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Blockchain, while it has limitations, could provide a remedy for two of the biggest issues facing digital marketing: ad fraud and the demise of cookies. GroupM product director Charles Dangibeaud takes a look at the benefits and drawbacks of this technology.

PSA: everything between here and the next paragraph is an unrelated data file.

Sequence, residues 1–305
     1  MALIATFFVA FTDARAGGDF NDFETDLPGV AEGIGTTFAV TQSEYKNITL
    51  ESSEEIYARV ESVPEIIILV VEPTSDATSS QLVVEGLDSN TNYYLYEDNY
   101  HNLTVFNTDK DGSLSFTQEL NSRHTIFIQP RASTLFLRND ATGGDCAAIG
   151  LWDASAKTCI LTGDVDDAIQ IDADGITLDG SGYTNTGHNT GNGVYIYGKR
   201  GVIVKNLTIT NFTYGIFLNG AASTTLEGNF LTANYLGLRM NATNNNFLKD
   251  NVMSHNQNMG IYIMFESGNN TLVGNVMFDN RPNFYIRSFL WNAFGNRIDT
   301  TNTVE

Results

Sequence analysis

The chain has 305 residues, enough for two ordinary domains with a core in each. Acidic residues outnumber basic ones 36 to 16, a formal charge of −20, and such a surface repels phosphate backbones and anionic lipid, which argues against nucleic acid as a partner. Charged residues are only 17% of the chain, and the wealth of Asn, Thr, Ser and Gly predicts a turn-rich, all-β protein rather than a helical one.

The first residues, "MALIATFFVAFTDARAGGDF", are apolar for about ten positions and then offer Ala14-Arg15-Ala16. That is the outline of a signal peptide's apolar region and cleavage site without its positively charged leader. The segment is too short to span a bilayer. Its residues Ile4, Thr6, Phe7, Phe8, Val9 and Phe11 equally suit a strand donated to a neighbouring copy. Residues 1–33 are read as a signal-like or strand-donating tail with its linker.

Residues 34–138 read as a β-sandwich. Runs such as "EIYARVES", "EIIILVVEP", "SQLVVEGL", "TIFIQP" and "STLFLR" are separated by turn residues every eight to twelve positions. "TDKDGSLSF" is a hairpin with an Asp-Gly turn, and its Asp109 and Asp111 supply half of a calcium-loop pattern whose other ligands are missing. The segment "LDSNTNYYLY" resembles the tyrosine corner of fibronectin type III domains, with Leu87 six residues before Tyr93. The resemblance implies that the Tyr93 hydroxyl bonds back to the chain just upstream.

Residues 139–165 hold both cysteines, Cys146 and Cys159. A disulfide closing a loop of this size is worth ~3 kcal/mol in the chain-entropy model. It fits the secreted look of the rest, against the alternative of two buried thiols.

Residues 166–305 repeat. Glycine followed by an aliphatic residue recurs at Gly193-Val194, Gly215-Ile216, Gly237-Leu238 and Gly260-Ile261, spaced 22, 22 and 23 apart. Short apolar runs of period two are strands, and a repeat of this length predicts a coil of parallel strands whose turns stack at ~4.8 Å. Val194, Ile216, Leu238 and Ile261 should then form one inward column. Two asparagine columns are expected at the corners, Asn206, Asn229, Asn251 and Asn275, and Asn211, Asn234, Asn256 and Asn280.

Problems are the root of all innovation. And currently, in the digital marketing space, there are two prevalent issues challenging the industry, both waiting for an innovative solution. The first is fraud in digital advertising, with an estimated $35bn lost globally to ad fraud in 2020, according to cybersecurity firm Cheq. Meanwhile, the other is the ongoing debate around cookies and user privacy, as lawmakers globally continue to crack down on the use of personal information for segmenting and targeting audiences. Yet, the remedy to these two issues may be right in front us: blockchain technology. While often met with hesitation, likely due to uncertainty about what it can actually achieve and the hurdles it faces from a scalability and an environmental perspective, blockchain is here to stay – and for good reason. In a nutshell, blockchain technology is an un-hackable, fully transparent, single source of truth for companies to record information and authenticate products or transactions. Everything from luxury watches to wine, real estate, even your Air Jordans, can be verified and tracked on the blockchain. But how can this technology benefit digital marketing? And what are the limitations, or even drawbacks, to a new blockchained future?